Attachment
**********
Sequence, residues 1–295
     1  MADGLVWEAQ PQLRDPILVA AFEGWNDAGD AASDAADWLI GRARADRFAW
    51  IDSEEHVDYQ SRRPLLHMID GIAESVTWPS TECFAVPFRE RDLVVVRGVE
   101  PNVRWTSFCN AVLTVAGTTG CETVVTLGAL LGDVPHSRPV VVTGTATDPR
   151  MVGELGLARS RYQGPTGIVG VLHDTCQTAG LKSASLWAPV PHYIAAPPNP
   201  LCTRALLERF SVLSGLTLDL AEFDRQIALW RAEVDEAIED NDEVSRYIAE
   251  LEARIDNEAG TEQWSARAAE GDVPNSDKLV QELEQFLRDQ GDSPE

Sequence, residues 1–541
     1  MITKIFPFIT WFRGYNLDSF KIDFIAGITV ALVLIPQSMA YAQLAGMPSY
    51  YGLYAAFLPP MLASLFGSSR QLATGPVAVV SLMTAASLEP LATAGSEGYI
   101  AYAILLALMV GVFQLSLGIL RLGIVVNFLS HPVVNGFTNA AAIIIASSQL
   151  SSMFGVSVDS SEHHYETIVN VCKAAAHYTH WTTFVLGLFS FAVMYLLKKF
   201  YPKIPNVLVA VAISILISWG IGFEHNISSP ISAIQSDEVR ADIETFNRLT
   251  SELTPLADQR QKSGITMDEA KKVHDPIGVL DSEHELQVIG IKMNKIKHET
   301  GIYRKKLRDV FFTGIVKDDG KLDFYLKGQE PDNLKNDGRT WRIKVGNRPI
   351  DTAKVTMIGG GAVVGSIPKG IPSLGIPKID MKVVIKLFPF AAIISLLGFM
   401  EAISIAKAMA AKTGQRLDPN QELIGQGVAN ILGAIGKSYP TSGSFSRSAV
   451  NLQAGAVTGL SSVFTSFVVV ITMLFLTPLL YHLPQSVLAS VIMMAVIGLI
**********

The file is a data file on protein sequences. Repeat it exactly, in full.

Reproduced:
Sequence, residues 1–295
     1  MADGLVWEAQ PQLRDPILVA AFEGWNDAGD AASDAADWLI GRARADRFAW
    51  IDSEEHVDYQ SRRPLLHMID GIAESVTWPS TECFAVPFRE RDLVVVRGVE
   101  PNVRWTSFCN AVLTVAGTTG CETVVTLGAL LGDVPHSRPV VVTGTATDPR
   151  MVGELGLARS RYQGPTGIVG VLHDTCQTAG LKSASLWAPV PHYIAAPPNP
   201  LCTRALLERF SVLSGLTLDL AEFDRQIALW RAEVDEAIED NDEVSRYIAE
   251  LEARIDNEAG TEQWSARAAE GDVPNSDKLV QELEQFLRDQ GDSPE

Sequence, residues 1–541
     1  MITKIFPFIT WFRGYNLDSF KIDFIAGITV ALVLIPQSMA YAQLAGMPSY
    51  YGLYAAFLPP MLASLFGSSR QLATGPVAVV SLMTAASLEP LATAGSEGYI
   101  AYAILLALMV GVFQLSLGIL RLGIVVNFLS HPVVNGFTNA AAIIIASSQL
   151  SSMFGVSVDS SEHHYETIVN VCKAAAHYTH WTTFVLGLFS FAVMYLLKKF
   201  YPKIPNVLVA VAISILISWG IGFEHNISSP ISAIQSDEVR ADIETFNRLT
   251  SELTPLADQR QKSGITMDEA KKVHDPIGVL DSEHELQVIG IKMNKIKHET
   301  GIYRKKLRDV FFTGIVKDDG KLDFYLKGQE PDNLKNDGRT WRIKVGNRPI
   351  DTAKVTMIGG GAVVGSIPKG IPSLGIPKID MKVVIKLFPF AAIISLLGFM
   401  EAISIAKAMA AKTGQRLDPN QELIGQGVAN ILGAIGKSYP TSGSFSRSAV
   451  NLQAGAVTGL SSVFTSFVVV ITMLFLTPLL YHLPQSVLAS VIMMAVIGLI